The opinion of the court was delivered by: HAIGHT
MEMORANDUM OPINION AND ORDER
Plaintiff, the Attorney General of the United States, brings this action to enjoin defendant Irish Northern Aid Committee ("INAC") from violating the provisions of the Foreign Agents Registration Act of 1938, as amended (the "Act"), 22 U.S.C. § 611 et seq., and its accompanying regulations, 28 C.F.R. § 5.1-.801. The Court has jurisdiction to issue permanent injunctive relief pursuant to 28 U.S.C. § 1345 and 22 U.S.C. § 618(f). The case is now before the Court on plaintiff's motion for summary judgment dismissing defendant's counterclaims and granting the relief sought in the complaint. Defendant opposes the motion and cross-moves for an order striking certain sections of an affidavit submitted in support of plaintiff's motion.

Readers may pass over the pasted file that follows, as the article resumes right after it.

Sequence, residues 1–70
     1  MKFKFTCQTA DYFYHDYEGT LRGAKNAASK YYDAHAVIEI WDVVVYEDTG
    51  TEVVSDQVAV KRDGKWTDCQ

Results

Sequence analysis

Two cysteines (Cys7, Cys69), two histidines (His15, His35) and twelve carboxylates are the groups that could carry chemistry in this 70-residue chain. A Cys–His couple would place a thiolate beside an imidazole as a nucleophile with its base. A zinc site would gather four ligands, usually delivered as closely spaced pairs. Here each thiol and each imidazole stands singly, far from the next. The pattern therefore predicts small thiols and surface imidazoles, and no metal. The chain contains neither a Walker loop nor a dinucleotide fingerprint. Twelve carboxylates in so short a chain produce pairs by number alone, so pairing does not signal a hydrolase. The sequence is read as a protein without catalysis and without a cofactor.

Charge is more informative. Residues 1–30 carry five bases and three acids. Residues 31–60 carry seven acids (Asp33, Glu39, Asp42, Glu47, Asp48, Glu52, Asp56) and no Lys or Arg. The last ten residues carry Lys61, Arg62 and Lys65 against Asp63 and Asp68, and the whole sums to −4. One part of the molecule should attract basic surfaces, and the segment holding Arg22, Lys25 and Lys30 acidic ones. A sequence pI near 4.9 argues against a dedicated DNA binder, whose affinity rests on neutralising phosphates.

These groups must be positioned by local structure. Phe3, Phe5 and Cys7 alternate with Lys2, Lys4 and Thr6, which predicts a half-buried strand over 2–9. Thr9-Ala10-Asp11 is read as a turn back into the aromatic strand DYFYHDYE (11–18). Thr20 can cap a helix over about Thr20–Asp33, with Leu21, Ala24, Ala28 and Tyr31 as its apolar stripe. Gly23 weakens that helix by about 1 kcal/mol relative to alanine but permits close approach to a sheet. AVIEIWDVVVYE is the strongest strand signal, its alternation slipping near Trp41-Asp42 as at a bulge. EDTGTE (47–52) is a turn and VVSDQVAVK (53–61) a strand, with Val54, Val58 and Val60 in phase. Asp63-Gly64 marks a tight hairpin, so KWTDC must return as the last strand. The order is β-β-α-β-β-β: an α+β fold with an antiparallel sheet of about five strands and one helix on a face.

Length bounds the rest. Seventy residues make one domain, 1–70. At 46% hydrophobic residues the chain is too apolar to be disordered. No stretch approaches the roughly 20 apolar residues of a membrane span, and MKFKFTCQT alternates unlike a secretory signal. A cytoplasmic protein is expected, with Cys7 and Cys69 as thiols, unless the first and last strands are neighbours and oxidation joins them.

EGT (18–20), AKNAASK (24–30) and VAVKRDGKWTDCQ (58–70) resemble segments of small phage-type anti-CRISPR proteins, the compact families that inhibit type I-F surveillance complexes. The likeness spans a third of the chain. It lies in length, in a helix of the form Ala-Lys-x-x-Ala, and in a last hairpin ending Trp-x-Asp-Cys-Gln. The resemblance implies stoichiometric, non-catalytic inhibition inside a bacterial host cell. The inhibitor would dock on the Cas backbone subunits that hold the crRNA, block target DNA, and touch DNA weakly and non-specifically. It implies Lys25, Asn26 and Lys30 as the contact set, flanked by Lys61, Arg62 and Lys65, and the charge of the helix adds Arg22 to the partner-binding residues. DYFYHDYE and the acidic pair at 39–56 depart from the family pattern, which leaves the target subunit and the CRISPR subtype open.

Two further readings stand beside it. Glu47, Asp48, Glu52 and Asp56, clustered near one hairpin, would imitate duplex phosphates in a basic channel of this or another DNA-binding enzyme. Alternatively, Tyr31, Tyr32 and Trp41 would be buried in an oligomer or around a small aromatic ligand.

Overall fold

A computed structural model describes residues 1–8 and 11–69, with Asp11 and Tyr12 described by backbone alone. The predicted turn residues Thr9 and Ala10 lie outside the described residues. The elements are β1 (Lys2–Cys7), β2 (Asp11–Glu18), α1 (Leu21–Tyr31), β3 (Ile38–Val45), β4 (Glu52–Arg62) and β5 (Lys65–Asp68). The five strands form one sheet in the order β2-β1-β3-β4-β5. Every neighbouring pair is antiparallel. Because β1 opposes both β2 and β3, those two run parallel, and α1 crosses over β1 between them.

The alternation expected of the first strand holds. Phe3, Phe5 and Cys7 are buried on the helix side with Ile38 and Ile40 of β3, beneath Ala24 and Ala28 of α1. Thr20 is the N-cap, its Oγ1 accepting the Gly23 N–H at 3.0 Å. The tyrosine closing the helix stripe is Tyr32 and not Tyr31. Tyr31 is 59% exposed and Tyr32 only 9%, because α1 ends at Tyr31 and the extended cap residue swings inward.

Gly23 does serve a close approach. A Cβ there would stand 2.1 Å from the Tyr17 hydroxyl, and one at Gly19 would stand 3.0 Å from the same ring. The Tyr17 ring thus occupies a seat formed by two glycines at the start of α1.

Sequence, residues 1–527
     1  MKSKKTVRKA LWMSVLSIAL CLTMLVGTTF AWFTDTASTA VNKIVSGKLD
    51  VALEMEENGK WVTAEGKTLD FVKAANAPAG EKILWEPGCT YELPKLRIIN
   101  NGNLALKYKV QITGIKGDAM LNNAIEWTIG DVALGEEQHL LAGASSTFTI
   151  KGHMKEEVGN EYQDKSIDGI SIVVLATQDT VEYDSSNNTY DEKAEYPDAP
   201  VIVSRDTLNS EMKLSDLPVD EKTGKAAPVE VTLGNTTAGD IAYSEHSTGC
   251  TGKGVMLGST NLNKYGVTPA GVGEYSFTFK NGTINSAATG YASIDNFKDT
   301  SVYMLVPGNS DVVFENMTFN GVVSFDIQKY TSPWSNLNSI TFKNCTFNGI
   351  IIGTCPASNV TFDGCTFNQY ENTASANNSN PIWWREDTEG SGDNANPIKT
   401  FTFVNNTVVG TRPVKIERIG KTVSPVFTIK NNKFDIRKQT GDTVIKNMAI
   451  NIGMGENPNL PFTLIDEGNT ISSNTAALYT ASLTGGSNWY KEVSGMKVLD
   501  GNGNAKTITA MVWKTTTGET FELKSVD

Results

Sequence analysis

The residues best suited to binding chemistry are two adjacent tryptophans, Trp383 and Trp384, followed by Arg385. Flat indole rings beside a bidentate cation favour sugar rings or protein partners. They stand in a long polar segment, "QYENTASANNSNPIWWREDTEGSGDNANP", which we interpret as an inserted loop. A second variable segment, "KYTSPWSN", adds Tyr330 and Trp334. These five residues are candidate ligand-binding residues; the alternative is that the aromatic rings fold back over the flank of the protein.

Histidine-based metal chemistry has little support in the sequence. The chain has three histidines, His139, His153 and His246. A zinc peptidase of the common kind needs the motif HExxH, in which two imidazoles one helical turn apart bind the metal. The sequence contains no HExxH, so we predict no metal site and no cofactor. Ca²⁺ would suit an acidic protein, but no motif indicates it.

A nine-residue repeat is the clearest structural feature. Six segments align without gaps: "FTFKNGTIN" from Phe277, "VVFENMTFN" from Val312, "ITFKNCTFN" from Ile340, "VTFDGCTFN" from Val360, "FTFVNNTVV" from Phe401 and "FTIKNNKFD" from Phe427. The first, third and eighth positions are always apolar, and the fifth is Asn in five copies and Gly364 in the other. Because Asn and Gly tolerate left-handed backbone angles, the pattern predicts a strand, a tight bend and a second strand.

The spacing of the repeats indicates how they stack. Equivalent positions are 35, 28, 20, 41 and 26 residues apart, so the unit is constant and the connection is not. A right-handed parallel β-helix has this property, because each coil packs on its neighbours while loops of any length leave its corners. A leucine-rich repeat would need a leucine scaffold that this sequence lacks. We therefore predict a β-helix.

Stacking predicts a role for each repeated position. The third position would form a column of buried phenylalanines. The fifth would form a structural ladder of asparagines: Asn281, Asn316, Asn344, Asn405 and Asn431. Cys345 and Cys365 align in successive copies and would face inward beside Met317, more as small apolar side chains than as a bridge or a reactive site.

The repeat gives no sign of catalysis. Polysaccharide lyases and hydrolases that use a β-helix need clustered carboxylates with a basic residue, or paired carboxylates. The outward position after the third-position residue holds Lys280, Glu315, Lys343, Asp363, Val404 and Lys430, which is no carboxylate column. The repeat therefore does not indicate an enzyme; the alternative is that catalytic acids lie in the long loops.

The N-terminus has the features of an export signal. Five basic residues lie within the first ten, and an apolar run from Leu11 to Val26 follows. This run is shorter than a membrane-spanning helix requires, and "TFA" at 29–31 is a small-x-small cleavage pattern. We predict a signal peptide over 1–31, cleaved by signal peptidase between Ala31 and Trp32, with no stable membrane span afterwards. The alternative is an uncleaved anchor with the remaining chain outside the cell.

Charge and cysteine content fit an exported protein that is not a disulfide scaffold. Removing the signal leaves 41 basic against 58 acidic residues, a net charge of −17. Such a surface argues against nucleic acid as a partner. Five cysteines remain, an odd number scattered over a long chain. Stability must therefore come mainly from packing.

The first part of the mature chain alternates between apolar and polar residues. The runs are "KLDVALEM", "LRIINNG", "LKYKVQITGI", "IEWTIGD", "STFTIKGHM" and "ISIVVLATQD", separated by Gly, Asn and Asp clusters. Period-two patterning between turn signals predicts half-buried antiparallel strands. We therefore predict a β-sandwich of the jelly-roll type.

The general purpose of the Act is to protect the security and foreign relations of this country by requiring agents of foreign principals to identify themselves and disclose their activities. "Resting on the fundamental constitutional principle that our people, adequately informed, may be trusted to distinguish between the true and false, the (Act) is intended to label information of foreign origin so that hearers and readers may not be deceived by the belief that the information comes from a disinterested source." Viereck v. United States, 318 U.S. 236, 251, 63 S. Ct. 561, 568, 87 L. Ed. 734 (Black, J., dissenting). To accomplish these goals, the Act and the regulations promulgated thereunder specify in some detail who must register, the type and form of information that must be revealed, and the frequency with which supplemental registration statements must be filed. The Act vests initial responsibility for enforcing the Act in the Attorney General: